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“In ancient Rome, the word persona had two meanings: a mask, and a full citizen.
Computers know your habits and your friends.
You must govern automated decisions about your job, loans, your health, shopping…
Technological progress should bring greater safety, economic opportunity, and convenience to everyone. Plus the collection of new types of data is essential for documenting persistent inequality and discrimination.
At the same time, as new technologies allow companies and government to gain greater insight into our lives, it is vitally important that these technologies be designed and used in ways that respect the values of equal opportunity and equal justice:
Silicon Valley and Wall Street abuses:
Frank Pasquale’s Black Box Society takes a closer look at how your life is swept up and published.
“Here’s one paradox I’m trying to resolve: even as economic change seems to accelerate, existing hierarchies of power and wealth seem ever more ossified, stable, secure.
“I trace this problem to two, mutually reinforcing trends: the financialization of data, and the data-fication of finance.”
“Going too fast for myself I missed
more than I think I can remember
almost everything it seems sometimes
and yet there are chances that come back
that I did not notice when they stood
where I could have reached out and touched them
this morning the black shepherd dog
still young looking up and saying
Are you ready this time”
Happy the man, whose wish and care
A few paternal acres bound,
Content to breathe his native air,
In his own ground.
Whose herds with milk, whose fields with bread,
Whose flocks supply him with attire,
Whose trees in summer yield him shade,
In winter fire.
Blest, who can unconcernedly find
Hours, days, and years slide soft away,
In health of body, peace of mind,
Quiet by day,
Sound sleep by night; study and ease,
Together mixed; sweet recreation;
And innocence, which most does please,
Thus let me live, unseen, unknown;
Thus unlamented let me die;
Steal from the world, and not a stone
Tell where I lie.
– Alexander Pope, “Ode on Solitude”
There are plenty of schemes that could federate or safely encrypt our data, plenty of ways we could regain privacy and make our computers work better by default. It isn’t happening now because we haven’t demanded that it should, not because no one is clever enough to make that happen.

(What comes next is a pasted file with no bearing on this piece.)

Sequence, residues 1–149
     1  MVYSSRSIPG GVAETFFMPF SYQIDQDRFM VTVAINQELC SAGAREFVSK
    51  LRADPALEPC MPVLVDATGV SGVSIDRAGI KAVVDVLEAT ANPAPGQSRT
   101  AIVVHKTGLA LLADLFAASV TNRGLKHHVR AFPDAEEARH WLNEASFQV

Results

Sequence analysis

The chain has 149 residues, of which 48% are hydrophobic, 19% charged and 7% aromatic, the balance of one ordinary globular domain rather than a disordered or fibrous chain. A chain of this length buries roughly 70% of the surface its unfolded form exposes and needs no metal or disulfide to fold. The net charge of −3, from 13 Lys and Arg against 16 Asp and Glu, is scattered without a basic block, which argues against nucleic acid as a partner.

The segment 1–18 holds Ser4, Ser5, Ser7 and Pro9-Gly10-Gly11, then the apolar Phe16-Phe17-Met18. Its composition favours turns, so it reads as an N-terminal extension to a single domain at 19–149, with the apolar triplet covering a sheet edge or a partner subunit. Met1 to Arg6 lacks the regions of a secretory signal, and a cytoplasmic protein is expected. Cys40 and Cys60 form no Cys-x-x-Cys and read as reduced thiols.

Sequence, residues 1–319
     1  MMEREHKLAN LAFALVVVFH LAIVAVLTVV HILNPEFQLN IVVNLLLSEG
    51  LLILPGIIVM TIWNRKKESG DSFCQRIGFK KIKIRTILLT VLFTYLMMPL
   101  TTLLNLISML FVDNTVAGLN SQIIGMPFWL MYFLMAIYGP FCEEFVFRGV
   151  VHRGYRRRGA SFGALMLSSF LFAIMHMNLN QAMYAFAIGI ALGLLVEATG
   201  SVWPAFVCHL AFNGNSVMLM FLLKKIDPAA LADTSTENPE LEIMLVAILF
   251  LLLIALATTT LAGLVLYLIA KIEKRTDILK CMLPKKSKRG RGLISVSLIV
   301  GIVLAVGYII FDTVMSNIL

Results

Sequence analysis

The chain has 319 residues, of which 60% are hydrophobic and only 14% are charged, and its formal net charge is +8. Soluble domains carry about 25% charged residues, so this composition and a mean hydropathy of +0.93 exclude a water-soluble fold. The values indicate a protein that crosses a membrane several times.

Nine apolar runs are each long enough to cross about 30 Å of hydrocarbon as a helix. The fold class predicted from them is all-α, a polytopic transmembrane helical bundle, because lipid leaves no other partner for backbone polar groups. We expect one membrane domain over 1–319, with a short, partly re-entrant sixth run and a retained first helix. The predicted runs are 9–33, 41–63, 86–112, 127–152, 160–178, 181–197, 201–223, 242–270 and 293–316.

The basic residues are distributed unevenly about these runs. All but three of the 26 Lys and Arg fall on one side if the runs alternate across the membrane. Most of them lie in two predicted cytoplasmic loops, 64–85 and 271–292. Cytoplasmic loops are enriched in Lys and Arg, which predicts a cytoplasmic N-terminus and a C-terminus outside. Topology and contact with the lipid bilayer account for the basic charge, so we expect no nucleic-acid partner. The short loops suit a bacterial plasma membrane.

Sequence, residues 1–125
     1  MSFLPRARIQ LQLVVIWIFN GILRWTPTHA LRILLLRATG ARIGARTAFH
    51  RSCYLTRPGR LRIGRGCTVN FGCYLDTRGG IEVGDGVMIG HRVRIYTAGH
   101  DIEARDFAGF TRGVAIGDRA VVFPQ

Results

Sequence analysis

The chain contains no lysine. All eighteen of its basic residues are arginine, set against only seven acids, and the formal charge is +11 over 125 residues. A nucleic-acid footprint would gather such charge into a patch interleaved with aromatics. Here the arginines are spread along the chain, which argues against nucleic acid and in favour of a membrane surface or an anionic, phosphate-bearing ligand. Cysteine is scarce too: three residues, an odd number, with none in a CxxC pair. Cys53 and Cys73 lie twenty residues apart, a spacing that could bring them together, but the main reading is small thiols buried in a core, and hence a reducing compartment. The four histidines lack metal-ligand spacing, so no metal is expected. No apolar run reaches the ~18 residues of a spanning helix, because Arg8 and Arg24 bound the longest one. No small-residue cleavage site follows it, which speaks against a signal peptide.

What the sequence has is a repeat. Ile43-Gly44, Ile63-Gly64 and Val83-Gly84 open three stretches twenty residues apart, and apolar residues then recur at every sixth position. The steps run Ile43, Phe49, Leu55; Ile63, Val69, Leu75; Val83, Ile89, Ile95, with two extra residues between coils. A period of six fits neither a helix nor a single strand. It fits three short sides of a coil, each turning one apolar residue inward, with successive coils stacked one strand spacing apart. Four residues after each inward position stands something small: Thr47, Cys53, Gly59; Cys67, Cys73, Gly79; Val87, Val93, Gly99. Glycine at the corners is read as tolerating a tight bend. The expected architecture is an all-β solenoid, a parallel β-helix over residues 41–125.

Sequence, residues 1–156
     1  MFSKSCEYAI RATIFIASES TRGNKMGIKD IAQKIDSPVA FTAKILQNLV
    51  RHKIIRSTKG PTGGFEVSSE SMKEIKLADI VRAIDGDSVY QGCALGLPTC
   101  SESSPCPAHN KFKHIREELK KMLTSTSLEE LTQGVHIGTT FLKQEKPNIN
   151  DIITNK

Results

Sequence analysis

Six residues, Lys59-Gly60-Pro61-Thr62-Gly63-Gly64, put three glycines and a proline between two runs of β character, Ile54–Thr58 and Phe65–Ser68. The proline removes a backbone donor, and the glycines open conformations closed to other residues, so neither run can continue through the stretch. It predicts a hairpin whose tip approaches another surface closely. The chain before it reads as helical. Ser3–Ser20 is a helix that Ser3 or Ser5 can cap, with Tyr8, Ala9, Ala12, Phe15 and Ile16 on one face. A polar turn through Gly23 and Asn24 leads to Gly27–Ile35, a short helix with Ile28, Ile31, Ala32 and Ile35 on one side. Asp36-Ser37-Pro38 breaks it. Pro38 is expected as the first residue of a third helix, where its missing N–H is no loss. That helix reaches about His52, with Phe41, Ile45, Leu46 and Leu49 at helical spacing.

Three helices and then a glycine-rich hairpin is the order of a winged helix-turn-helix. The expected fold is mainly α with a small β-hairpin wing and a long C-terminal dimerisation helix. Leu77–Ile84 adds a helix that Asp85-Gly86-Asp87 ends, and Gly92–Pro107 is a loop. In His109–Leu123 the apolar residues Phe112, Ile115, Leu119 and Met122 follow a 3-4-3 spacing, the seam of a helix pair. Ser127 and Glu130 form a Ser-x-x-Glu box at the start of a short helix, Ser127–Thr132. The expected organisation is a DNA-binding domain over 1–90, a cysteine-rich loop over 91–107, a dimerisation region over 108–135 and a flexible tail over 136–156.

“I sometimes think US politicians don’t know which way is up.”
you’ve known this since you were a kid
looming change is your blood
struggling in a shit pile to fix it
and now you’re tired
call it reverence if you must
it’s real exhaustion
relief and more relief
powerful youth could fix it
wouldn’t it be nice to do it over?
what happens isn’t the whole story
you’ve been waiting more than a heart can bear
nonsense month after month after month
hooked into a parade of chains
breathing isn’t what it used to be
you’re stuck with that
stop and you cripple yourself
wound with no weapon but freedom and weary
Ladies & Gentlemen, what are we allowing History to do to us?
Princeton study reports the majority, that’s you and me lost at sea, have a
“minuscule, near-zero, statistically non-significant impact upon public policy.”
Perspectives on Politics! We are minuscule!
Lord Almighty, I am sad to my core.
…her flat just to the right of the lobby. Stoessinger arranged for a neighbor to accompany me. It was decided that I might make a better impression if I were introduced as a musician rather than a journalist, because Herz-Sommer can find journalists tiring. The tactic misfired somewhat. When I was introduced, she commanded, “Play something,” in her richly accented, Central European voice. I sat reluctantly at the upright and stumbled through the first theme of Schubert’s great B-Flat-Major Sonata. She stopped me and said, “Now tell me your real profession.” I confessed that I was a writer, whereupon she looked a bit sad. Nonetheless, we had a lively chat. I had the impression that she was no longer greatly interested in the past, but she was alert to the present, to comings and goings in her building, to news of recent performances. She spoke fondly of her son, the cellist Raphael Sommer, who died in 2001. But she does not spend her time grieving. In her conversations with Stoessinger, she paraphrased Spinoza: “Don’t stand there and cry. Understand.”
the precious human being so bombarded, it’s just the times and that’s all, awhile ago it was stooking wheat to nag you, now it’s penetrating broadcasters all over the place, well so what, it’s not so much of a big deal to get a grip, sourpuss isn’t based on much, anybody can be a sourpuss and say anything they want, following along with Universal NaySay, it’s harmful to the precious human being, honest care is required, pull away, don’t eat the garnish…